BY WILL BEDINGFIELD
“If Made in Brixton ever appears on our screens, I’ll eat my hat”, so wrote our co-editor in May last year. Tim devouring his headwear (perhaps at a live event at the Lambeth Country Show) might alone be worth the much hyped show getting commissioned, as the show’s creators Edwin Louis (Developer) and Janvier White (Director) are hoping. Both from the local area, they talk here to Brixton Blog about the pilot and their future plans for the project.
Whose idea was the program? How much did it cost?
Edwin Louis: It was a combination of us and the producer we were working with at the time. The producer said he wanted to make a reality show then the director said I think we should do it about Brixton. The developing team is three or four but there are lots of contributors. The budget for the pilot was about three hundred quid.
Are you filming more at the moment?
Janvier White: We finished the pilot last year. It’s 25 minutes long but we’re probably not going to release it online. We can’t really start filming until we get some sort of funding.
EL: The pilot isn’t the actual program; it doesn’t keep completely true to our original idea. It was mainly made to represent the idea to commissioners. You could say it was our fault but it was really through forces that weren’t in our control. There were time constraints – people were hot on our tail trying to copy the idea and we had about four to six weeks to make it. We had to find people quickly, who wouldn’t be shy on camera.
Has it been picked up for commission?
EL: We’re trying to get hype up to get it commissioned; we’re ready to go. I think it should be on TV, definitely. People would watch it whether it was for a good reason or a bad reason.
JW: We’re talking to two channels at the moment…at the moment we don’t want to say anything about that until things are more concrete.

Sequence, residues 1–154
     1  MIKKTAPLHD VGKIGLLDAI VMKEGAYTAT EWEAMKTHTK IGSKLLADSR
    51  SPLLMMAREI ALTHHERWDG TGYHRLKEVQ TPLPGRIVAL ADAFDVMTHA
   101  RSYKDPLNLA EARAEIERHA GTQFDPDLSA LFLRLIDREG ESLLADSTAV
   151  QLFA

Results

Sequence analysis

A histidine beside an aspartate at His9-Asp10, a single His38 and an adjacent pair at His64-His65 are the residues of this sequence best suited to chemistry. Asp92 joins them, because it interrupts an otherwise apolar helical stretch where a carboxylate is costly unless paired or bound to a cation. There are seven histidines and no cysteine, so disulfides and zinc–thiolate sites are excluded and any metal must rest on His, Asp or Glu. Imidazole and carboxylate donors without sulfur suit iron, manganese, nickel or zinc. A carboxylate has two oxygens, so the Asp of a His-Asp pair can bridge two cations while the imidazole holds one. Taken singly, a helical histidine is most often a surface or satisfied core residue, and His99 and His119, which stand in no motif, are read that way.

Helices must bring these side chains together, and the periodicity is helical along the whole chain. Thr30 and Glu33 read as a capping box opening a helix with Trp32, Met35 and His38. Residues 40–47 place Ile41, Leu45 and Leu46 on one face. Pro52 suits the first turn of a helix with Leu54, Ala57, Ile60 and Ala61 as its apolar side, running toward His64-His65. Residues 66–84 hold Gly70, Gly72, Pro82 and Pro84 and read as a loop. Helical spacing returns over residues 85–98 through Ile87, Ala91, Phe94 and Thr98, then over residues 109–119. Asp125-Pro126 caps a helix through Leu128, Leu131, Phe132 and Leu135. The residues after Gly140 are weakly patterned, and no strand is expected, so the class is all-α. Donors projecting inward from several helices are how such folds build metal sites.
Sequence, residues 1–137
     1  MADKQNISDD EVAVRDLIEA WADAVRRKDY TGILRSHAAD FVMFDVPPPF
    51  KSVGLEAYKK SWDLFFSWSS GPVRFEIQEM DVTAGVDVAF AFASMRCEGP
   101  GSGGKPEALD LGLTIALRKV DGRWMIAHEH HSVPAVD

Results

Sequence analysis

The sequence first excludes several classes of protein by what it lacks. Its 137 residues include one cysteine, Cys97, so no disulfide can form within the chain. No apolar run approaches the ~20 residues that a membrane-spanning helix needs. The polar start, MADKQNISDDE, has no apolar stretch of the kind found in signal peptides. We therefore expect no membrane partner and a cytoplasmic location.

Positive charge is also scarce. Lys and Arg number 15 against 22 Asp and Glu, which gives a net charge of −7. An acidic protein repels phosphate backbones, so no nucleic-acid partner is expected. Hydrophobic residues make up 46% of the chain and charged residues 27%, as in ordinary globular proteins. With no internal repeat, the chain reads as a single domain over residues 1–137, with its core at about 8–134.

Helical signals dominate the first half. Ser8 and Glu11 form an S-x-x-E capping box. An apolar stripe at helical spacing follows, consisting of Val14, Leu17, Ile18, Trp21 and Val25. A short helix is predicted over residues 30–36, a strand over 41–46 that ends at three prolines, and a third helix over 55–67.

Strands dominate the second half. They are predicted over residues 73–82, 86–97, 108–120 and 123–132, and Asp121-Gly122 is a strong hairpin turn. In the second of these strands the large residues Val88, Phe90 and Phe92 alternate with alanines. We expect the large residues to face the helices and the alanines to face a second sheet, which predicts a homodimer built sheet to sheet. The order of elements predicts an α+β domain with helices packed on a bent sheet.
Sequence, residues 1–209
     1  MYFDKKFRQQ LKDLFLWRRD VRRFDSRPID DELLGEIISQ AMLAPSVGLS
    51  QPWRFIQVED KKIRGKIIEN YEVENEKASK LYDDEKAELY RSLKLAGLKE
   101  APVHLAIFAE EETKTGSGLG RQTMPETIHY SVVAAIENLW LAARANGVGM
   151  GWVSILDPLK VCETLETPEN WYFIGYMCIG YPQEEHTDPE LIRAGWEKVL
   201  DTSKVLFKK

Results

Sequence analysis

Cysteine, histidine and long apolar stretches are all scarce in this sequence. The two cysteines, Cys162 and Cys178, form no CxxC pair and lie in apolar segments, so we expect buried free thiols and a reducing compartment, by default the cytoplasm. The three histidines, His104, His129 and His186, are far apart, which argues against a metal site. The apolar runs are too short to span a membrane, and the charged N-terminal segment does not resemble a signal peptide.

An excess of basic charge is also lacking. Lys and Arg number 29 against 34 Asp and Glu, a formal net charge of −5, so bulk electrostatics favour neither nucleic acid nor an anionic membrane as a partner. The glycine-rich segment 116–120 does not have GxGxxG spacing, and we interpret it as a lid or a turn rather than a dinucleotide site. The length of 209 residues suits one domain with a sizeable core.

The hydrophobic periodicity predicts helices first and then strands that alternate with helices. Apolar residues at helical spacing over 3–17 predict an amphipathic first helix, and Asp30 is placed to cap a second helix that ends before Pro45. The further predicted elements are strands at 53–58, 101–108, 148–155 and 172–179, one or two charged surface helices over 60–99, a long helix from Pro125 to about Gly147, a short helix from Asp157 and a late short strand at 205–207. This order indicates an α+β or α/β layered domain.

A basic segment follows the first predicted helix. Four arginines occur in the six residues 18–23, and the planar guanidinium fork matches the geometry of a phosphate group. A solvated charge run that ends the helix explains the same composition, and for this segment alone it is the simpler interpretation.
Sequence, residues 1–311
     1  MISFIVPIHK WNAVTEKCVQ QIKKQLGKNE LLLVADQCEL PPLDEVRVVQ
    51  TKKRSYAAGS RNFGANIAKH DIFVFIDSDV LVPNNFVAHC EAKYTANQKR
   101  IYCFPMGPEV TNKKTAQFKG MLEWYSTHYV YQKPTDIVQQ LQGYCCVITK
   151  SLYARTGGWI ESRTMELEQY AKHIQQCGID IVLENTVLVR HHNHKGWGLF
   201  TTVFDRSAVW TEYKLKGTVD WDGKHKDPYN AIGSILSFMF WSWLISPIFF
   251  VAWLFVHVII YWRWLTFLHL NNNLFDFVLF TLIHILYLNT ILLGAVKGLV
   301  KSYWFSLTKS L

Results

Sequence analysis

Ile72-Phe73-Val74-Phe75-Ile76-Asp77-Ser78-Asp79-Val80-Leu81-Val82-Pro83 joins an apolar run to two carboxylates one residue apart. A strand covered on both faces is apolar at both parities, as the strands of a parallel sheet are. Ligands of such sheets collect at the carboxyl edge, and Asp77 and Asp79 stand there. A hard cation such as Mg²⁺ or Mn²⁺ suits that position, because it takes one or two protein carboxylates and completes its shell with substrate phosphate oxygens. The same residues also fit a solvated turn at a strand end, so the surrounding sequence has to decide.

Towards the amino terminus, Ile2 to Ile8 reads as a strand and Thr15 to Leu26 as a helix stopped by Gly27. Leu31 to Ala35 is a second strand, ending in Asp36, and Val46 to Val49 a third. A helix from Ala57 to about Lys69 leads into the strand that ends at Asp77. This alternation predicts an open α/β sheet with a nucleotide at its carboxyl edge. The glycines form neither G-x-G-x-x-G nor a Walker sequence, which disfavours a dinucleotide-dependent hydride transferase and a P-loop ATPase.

How did you find the actors for the pilot?
EL: What happened was we posted an ad, and we had loads of interest. Then we had three or four days of auditions.
JW: It was bizarre; we were having people coming down from places like Liverpool to be in the program! Like how could a person with a Liverpudlian accent be from Brixton? This one girl had no idea where Brixton was.
EL: We held the casting near East London and there was this guy who wasn’t from London and he came in to the casting and the first thing he says to us is, “I love Brixton, I love this area of Brixton!” I was like dude do you know where you are he was like “Yeah I’m in Brixton!” I was like, no you’re not.
When you called it Made in Brixton were you trying to get a direct comparison to Made in Chelsea?
JW: The reason we released a trailer under that name was for it pick up the buzz, people could straight away compare it to something they know. The name may be different if it comes out on telly.
EL: It was meant to be provocative. People were like “Oh my God they’re trying to copy Made in Chelsea”;
but we aren’t going for scripted reality like Made in Chelsea. The real idea is for it to be a non-scripted program with interesting people from this area.
That must be quite hard? You’ll need some pretty talented actors?
EL: We don’t want to really call them actors. Even when we shot the pilot we were like, “don’t act in a way that you are not, don’t act just be yourself.” We’re not going to tell the characters what to say or how to say things; it’s more like we will follow their daily lives.
Tweets-wise, the hype around it etc. do you think it is a positive reaction you’ve had?
EL: Yeah I do. At the end of the day there is nothing to judge it on presently except for the trailer. There was one tweet I saw that said “I hope they’re not going to use this as an opportunity to talk about Jamaicans in a negative manner”. Some people don’t understand we are doing this for positive reasons; we love the area.
How do you distance yourself from the controversy surrounding gentrification in this area?
EL: We don’t want to distance ourselves from it. It’s a part of Brixton now, just as much as any other part, we want to show reality truthfully. That’s why in the trailer we did the documentary-like opening interviews, talking to people in the street and asking them what they think of the area; it shows you the mix of people here.
JW: We want to cover everything, not just the hip side of Brixton. People who moved here a year ago and people who were born here…even the negative aspects.
EL: The idea is to have a good mix of characters that represent the many sides of Brixton. That way when you watch it you can say “I don’t like that aspect of Brixton, but there are people like that in the area”.
[…] (Quote taken from their interview with Will Bendingfield via the Brixton blog) […]
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